Laser targets drivers
New technology allows law to pick speeding vehicles out of crowd
February 14, 2008
BY SHANNON LIVICK | Journal Staff Writer
Watch out speeders; there's a new radar in town.
SGT. MATT OZANIC of the Colorado State Patrol looks at a laser speed measuring instrument Tuesday morning at the Cortez Police Department.
Officers with the Cortez Police Department spent Tuesday learning how to use a new Laser Speed Measuring Instrument the department recently purchased.
"With this, you can pick out an individual car," Lance Martin, of Laser Technology Inc., said while holding up the new device.
The laser will allow officers to more accurately pick out a vehicle on the road to determine its speed. Radar guns are good at measuring speeds, but on crowded streets officers can't single out a vehicle, Martin said.
Martin taught an all-day class Tuesday for officers so they can learn how to use the Laser Technology device.
Radar guns have a wide beam, Martin said.
The police department's new laser device has a 3-foot-wide beam.
The device can be used at crime scenes to map and measure evidence, and it can be used at accident scenes.
"You can generate a three-dimensional drawing," Martin said.
Police hope to use it to slow drivers down on Main Street, when they kick off Operation Slow Down in the spring.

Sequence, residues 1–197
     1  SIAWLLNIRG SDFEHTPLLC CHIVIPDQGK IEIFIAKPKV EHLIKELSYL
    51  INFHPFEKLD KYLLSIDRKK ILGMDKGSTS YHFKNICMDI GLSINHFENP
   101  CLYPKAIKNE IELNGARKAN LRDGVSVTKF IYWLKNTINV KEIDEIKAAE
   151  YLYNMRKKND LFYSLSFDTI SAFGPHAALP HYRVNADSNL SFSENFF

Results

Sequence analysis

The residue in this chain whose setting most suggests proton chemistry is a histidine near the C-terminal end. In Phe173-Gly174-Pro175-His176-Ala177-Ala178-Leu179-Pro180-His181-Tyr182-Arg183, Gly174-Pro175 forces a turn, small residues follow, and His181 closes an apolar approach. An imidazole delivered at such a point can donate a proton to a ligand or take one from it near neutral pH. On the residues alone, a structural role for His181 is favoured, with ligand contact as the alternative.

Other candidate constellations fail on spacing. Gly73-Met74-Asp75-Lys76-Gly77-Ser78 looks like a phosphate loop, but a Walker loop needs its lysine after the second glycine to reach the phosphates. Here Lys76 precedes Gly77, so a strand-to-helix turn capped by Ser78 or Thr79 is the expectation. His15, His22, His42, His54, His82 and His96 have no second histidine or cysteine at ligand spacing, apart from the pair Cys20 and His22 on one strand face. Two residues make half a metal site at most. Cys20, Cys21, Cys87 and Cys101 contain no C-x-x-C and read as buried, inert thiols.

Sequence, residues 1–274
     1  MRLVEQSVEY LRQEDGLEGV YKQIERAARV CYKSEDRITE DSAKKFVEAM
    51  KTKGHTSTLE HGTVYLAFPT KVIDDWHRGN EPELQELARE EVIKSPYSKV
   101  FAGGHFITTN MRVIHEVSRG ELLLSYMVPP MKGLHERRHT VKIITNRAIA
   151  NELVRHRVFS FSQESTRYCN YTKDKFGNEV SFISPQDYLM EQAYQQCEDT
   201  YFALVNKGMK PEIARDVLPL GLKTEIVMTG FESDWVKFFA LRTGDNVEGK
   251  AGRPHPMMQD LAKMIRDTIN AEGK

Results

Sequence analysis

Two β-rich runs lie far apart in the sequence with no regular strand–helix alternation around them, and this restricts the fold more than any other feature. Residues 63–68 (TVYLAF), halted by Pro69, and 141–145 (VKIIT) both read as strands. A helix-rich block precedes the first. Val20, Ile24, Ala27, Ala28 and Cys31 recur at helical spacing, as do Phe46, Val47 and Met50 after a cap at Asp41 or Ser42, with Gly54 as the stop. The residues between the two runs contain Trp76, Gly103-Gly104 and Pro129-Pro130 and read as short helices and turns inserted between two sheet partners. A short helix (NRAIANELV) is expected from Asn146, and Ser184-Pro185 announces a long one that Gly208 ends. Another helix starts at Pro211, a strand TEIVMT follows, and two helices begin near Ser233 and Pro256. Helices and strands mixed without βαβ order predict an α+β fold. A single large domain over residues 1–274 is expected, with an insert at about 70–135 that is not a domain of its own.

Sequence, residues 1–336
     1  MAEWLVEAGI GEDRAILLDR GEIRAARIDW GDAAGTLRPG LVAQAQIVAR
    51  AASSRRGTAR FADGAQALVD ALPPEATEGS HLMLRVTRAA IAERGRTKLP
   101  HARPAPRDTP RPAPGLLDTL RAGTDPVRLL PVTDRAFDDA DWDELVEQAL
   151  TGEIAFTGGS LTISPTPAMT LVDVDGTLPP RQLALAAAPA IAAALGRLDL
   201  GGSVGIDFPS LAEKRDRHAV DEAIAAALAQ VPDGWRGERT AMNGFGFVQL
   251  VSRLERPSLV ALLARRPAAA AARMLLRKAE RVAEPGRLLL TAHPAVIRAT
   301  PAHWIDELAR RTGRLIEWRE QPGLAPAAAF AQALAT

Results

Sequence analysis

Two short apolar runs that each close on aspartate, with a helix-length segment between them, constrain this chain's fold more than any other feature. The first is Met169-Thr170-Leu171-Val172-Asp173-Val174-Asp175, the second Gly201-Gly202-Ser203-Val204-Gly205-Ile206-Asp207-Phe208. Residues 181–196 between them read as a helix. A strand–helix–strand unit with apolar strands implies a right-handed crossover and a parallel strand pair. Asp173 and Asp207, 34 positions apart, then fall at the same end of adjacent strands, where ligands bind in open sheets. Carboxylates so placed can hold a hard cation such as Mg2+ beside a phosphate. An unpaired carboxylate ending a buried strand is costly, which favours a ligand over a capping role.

Over the years, the department has received many complaints about speeding in downtown Cortez, where the speed limit is 25 mph, said Cortez Police Chief Roy Lane.
"We get more complaints about Main Street than anywhere else," Lane said.
Law enforcement officials will conduct Operation Slow Down in conjunction with Operation Crosswalk. In an Operation Crosswalk conducted last year, police officers pulled over anyone who didn't stop for pedestrians in crosswalks. Lane said the department plans to do that again this year.
With the radar guns, officers couldn't isolate one vehicle on a four-lane, busy street like Main.
"With a regular radar, it hits one vehicle and bounces back and isn't easy to do on a four-lane highway," Lane said.
The $5,000 laser device was purchased with money pooled together from the Patrol and Detective Division of the Police Department
"It's a multiple use gun," Lane said.
Lane said the department plans to buy another one of the laser devices soon. The Colorado State Patrol has a similar device, but it is mainly used in Durango.
Reach Shannon Livick at email@example.com.